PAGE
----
In the summer of 2009, while I was working on the Nathaniel Kinney
campaign, one of our goals was to help raise the level of transparency and efficiency of our city government through the use of the internet and mobile apps. This was articulated in a posting by Nathaniel Kinney (CLICK HERE
to read that posting). An article I read just moments ago reminded me of that goal we had because it showed how application and web developers are raising accountability, increasing transparency, and improving the efficiency of city governments across America.
In the tech section of CNN.com is an article, "Cities embrace mobile apps, 'Gov 2.0'
" The article starts by sharing an uncomfortable experience of Craiglist founder Craig Newmark while on a train in San Francisco. While on the train, he took a photo with his iPhone and sent a message to City Hall. That message was acknowledged a week later.
This "movement" has been described as "Gov 2.0" which, as the article explains is, "where mobile technology and GPS apps are helping give citizens ... more of a say in how their local tax money is spent. It's public service for the digital age.
The article continues to explain that, "tech geeks transform banal local government spreadsheets about train schedules, complaint systems, potholes, street lamp repairs and city garbage into useful applications for mobile phones and the Web.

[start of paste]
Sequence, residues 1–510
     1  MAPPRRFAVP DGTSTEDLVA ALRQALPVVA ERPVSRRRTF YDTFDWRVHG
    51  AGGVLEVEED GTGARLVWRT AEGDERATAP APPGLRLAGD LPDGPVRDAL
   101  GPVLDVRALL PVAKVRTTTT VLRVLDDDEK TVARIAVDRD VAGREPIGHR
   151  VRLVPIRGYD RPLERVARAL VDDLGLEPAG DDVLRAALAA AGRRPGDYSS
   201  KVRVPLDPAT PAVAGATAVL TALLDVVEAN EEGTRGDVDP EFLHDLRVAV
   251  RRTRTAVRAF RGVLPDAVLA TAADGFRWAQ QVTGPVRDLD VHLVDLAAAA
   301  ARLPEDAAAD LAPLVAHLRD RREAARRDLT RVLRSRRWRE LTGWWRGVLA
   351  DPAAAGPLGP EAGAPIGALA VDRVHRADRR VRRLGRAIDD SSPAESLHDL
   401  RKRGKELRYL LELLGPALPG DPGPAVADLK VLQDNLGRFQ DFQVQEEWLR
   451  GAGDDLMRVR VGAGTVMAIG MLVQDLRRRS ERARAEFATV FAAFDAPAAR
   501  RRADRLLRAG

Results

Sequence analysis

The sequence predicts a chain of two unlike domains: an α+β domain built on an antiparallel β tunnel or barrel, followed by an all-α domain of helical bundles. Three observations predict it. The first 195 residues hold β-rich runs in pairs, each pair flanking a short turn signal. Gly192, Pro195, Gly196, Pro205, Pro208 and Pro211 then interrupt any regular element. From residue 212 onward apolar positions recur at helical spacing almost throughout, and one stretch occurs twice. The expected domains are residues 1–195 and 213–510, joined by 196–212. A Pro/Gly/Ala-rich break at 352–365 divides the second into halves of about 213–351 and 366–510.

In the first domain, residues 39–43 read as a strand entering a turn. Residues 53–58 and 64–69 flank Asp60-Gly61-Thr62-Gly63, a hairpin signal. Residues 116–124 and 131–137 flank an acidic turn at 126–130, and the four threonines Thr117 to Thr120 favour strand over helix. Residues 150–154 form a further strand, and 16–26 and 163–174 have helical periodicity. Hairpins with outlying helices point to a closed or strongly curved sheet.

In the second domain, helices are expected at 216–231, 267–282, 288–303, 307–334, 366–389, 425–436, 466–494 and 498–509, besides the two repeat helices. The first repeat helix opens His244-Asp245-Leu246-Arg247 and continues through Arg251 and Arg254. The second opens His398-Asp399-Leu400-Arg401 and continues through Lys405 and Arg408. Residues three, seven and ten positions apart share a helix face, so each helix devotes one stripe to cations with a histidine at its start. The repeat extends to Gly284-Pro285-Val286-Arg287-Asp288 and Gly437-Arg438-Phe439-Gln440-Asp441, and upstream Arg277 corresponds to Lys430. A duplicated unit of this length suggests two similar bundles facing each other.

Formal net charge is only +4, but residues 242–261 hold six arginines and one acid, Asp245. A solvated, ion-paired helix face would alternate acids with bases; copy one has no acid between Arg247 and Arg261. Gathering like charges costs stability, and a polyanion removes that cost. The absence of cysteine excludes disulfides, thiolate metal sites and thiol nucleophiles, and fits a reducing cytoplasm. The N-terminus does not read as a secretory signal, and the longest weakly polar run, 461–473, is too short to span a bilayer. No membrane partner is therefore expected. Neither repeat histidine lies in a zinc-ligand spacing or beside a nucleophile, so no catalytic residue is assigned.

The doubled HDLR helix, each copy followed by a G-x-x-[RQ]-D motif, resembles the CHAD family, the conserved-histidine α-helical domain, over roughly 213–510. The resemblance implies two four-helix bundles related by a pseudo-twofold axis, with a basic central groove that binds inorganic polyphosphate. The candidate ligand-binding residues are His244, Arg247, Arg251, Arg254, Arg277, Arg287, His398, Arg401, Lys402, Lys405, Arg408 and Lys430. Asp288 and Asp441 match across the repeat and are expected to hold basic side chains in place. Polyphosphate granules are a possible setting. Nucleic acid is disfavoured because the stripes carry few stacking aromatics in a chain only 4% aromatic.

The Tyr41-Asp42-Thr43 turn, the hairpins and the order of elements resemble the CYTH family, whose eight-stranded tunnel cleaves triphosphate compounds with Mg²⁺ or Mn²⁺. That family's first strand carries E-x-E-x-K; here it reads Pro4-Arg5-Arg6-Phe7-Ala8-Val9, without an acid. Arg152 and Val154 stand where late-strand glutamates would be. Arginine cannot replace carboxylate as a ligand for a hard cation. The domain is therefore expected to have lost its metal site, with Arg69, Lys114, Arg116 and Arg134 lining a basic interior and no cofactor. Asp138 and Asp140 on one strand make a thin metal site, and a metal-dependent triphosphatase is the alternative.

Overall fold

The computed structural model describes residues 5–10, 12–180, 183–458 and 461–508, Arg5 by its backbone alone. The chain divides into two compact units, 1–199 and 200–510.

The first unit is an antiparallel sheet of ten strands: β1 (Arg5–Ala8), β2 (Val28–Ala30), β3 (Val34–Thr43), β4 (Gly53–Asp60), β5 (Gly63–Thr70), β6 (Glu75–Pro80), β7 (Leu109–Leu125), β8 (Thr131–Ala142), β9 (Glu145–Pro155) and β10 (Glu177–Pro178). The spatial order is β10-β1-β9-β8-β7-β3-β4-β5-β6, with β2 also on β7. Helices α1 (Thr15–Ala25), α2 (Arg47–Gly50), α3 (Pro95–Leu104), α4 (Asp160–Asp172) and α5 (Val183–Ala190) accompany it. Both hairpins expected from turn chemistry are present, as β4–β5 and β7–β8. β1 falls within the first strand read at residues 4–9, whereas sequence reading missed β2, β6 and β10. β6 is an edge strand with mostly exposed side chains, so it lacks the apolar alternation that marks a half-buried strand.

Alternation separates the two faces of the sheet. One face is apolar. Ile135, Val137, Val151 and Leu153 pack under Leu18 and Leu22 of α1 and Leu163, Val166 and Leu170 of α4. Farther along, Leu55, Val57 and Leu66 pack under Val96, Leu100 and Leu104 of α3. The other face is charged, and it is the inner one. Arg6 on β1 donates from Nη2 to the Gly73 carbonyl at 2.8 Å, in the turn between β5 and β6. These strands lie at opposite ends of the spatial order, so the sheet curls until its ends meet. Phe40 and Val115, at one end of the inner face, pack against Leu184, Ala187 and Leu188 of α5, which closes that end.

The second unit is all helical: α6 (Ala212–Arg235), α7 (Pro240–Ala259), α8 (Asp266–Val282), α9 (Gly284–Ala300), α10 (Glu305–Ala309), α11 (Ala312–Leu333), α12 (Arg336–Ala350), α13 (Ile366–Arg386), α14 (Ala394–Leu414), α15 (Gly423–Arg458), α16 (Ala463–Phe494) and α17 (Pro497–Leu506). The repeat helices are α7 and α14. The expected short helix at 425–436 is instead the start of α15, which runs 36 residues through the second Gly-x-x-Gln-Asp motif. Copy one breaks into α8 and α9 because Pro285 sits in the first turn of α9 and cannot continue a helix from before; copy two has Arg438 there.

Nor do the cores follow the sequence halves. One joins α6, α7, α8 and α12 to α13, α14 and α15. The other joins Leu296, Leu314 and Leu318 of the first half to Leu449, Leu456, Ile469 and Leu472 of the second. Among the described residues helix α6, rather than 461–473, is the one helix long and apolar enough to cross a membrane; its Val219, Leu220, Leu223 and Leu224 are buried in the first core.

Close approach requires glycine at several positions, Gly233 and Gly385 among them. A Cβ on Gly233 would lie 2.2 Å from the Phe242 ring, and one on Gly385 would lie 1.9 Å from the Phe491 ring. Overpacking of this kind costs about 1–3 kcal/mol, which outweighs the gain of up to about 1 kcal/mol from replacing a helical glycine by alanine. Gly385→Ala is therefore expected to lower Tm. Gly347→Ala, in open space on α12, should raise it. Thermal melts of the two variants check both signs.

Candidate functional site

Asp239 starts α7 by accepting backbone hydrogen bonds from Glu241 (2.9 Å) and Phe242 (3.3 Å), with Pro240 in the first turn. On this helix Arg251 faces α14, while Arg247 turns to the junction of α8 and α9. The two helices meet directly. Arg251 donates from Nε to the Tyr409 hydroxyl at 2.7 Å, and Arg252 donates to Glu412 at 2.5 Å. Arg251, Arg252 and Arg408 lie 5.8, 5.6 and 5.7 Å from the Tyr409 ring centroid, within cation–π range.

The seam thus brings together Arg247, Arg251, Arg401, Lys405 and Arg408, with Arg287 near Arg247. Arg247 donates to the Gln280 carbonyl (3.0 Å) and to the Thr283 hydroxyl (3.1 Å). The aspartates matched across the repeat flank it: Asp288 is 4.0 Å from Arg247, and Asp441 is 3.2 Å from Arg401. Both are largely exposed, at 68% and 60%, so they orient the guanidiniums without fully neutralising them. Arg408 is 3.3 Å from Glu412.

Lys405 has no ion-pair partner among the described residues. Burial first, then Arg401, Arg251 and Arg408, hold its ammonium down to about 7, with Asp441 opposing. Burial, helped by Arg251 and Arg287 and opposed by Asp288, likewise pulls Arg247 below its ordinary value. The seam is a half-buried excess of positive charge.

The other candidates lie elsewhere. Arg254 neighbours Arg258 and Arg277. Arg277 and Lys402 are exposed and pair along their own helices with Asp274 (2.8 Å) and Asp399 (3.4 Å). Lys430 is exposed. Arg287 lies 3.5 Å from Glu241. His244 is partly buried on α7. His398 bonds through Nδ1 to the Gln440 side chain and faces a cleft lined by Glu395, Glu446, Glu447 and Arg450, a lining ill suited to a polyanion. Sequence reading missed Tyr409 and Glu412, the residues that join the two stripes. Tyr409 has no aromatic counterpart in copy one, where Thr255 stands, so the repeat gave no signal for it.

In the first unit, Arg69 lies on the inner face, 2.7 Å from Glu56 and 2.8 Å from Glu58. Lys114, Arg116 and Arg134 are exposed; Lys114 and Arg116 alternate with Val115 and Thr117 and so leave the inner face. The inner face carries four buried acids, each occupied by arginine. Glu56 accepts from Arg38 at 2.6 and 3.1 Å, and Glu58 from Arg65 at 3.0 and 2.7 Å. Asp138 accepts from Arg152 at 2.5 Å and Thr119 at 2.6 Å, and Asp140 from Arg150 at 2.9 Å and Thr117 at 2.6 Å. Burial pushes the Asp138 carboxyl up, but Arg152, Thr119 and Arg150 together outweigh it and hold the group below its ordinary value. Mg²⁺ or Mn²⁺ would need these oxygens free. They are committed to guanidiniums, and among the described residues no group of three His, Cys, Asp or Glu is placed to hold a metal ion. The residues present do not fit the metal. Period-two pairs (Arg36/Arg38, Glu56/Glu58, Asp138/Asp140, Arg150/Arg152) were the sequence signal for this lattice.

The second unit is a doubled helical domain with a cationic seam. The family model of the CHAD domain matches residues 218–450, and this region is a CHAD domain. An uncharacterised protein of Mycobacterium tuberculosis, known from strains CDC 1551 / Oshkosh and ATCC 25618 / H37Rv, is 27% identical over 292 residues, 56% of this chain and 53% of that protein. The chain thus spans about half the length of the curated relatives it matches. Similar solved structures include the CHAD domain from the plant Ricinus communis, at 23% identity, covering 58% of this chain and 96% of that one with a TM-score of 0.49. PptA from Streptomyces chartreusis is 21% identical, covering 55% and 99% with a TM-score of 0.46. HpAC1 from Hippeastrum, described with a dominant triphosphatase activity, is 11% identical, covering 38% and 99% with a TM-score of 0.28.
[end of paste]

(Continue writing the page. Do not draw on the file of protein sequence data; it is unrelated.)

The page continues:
There are a number of statements that I really liked in this particular article. One was that the "aim is to let citizens report problems to their governments more easily and accurately; and to put public information, which otherwise may be buried in file cabinets and Excel files, at the fingertips of taxpayers.
One specific app "tells officials where the graffiti is. It also tells citizens which spray-paint murals, potholes, dying trees, broken parking meters and tipped-over street signs the city is aware of, which it plans to fix and which it may be ignoring.
In response to Nathaniel Kinney's July 2009 posting, Gabe Morris
told us about "Apps for Democracy." The CNN article also briefly mentions Apps for Democracy as well in addition to a Hawaiian-named company Haku Wale
Haku Wale apparently spent about $20,000 to develop it's "EcoFinder" app. You can watch a video about the EcoFinder app (and some other relevant stuff - DataSF.org) by watching the video below.
Other apps make it possible for app users to find out what transit schedules are and when the next train will be reaching a specific destination. StumbleSafely
and Are You Safe
give app users safe walking route information using a mobile users GPS location and municipal crime data.
Washington residents use an app that may also be very helpful here in Hawai'i as well. Washingtonians "can use the DC 311 iPhone app to take photos of graffiti, potholes and other trouble spots.
The photos are paired with GPS locations and then uploaded straight from the street into a database that local officials can see.